My childhood in the suburbs of Melbourne was partly devoted to trawling the streets on my bike, but mostly to dressing up. Even a trip to the milk bar was transformed into a runway event – albeit for nobody but me – just for the fun of it, for the sheer pleasure.
Looking back, these childish outings were mad to be sure, but also wild and free, a nascent form of self-expression. Dressing up, I dreamed of transforming into an actor, like the ones I lived vicariously through on the big and small screens – and I mean dreamed, as I had no real belief that acting was something that I could actually do with my life.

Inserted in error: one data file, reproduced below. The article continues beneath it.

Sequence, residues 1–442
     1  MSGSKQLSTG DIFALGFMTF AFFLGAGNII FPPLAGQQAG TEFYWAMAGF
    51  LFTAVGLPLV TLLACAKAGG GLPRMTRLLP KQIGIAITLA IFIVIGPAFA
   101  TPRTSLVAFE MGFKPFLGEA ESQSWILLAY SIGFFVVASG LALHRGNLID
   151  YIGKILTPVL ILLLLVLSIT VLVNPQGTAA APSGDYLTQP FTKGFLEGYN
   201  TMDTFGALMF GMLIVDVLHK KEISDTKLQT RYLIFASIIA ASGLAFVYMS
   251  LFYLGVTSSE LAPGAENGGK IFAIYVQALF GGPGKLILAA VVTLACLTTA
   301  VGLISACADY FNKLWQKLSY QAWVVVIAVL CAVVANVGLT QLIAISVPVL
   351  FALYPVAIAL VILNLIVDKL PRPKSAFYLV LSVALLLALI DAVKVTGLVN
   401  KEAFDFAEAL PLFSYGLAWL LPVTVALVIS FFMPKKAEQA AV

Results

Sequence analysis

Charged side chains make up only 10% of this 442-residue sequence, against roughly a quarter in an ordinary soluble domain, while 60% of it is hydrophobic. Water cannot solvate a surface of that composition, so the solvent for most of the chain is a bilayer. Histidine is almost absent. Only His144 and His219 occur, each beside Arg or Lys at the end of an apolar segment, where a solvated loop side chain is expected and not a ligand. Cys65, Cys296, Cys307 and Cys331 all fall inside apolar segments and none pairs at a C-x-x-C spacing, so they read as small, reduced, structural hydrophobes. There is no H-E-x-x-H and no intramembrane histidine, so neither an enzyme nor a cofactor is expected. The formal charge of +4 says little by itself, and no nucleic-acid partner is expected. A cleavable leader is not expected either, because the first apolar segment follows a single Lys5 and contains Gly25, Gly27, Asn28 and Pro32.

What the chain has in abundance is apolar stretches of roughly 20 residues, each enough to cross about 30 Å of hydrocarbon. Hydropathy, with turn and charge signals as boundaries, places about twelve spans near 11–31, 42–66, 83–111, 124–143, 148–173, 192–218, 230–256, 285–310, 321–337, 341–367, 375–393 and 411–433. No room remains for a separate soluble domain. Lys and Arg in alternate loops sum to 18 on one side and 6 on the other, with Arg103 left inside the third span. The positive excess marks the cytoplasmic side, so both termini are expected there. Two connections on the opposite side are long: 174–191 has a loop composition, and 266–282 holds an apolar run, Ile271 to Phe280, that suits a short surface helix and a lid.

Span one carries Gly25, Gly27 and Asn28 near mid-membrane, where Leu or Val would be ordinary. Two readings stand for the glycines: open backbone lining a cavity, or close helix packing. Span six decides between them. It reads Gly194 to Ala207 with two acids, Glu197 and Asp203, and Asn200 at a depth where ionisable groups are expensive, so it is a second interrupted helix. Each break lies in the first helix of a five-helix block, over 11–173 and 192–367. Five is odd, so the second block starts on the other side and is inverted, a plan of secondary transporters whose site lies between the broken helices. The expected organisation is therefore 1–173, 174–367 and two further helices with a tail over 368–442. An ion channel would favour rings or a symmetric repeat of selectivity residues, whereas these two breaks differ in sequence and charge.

Spending my days dreaming and dressing up, I was absolutely primed for an event like the Oscars – cue music – the film industry’s ‘night of nights’. It was an opportunity to see the creative geniuses I admired parading and being celebrated for their work in this lofty, elusive industry; wearing whatever the hell they pleased; expressing themselves.
When I was unexpectedly catapulted into the fray, I found myself in a wonderland of fashion. The late 1990s saw designers embrace the theatrical: McQueen, Yamamoto, Lacroix, Chalayan, Galliano, Westwood, Kawakubo, Viktor & Rolf – all pushed the boundaries of form, but also of spectacle. (Who can forget the 1999 McQueen show on ice?) The Oscars red carpet has always seemed to me to be a high profile intersection between fashion, visual art and theatre, so where better to showcase their dramatic creations? The clothes were nothing short of spectacular, and in a world full of street grunge, the operatic red carpet seemed one of the few places to wear them.